Partitioning Your Hard Drive

Category: Hard-Drives

I just got a new computer and I'm wondering about hard drive partitioning strategies. A friend told me to create a very small C: partition for a swap file, put Windows on the D: drive, and create several other parititions for different types of data. Is this a good idea?

How to Partition Your Hard Drive

In general, I disagree with the idea of having multiple partitions on a hard drive. Unless you are running a dual-boot system, with one partition for Windows, and another for Linux or Mac OS, I recommend that you stick with one large partition.

Years ago, some hard drive controllers, as well as older versions of the Windows and Mac operating systems, could not accomodate a hard drive partition larger than 2 GB. If you had a hard drive larger than 2GB, you needed multiple partitions to make use of the full capacity of the drive. So a 10GB drive required five 2GB partitions, which would end up being the C:, D:, E:, F: and G: drives on a Windows computer. But the hardware and software to support large hard drives has been around for over a decade now, and these gyrations are no longer necessary.
hard drive partitioning

Windows, Mac OS and Linux can all handle partitions of almost any size, even the multi-terabyte drives that are just showing up on the market. (See also: What is a Terabyte?)

Partitioning Myth #1

Some people go hog-wild with partitioning, and advise people to create one partition for the operating system, another for the Windows swap file, and still other partitions for installed software, music and photos. The rationale is usually along the lines that if your Windows operating system gets hosed by viruses or spyware, then you can simply re-install Windows and your programs will be safe on another partition. But they're forgetting about the Windows Registry, which tells Windows where all the user-installed software resides on the hard drive. If the Registry gets whacked by a virus, or you re-install Windows, ALL of your software will have to be re-installed.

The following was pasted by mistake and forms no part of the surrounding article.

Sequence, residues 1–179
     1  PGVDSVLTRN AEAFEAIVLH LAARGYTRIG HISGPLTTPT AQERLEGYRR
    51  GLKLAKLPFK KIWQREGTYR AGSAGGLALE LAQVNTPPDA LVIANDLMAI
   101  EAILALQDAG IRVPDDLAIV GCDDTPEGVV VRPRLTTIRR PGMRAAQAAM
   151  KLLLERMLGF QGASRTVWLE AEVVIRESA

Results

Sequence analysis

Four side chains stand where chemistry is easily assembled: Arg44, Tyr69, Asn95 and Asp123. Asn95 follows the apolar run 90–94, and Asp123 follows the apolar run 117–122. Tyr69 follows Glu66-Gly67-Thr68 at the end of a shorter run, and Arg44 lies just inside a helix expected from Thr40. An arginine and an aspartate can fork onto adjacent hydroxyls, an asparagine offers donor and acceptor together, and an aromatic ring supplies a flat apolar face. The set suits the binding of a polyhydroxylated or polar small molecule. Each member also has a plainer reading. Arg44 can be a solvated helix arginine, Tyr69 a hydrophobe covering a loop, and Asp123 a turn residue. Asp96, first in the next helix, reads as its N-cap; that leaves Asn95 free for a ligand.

Another problem with the "operating system on C: and programs on D:" idea is that some programs don't even ASK where you want to install them. They just plop themselves down on the C: drive. And if you blindly copy them to the D: drive, they may not work, due to Registry problems. And even if the installer does give you a choice, the C: drive is always the default. Novice or casual users will probably not remember to change the target drive to D: or E: and the result will be a mishmash of programs installed on multiple partitions.

Partitioning Myth #2

Some people think that having a separate partition for the swap file will help with performance. But everything I've read about this indicates just the opposite. Your system performance will be optimized when the swap file is on the same partition as the operating system, because that mimimizes the movement of drive head. And what if you make your Windows or swap file partitions too small? It's easy to underestimate the amount of space the operating system will need over time, or how large the swap file might grow. And it's NOT easy to tweak the size of a partition if you run out of space.

Partitioning Myth #3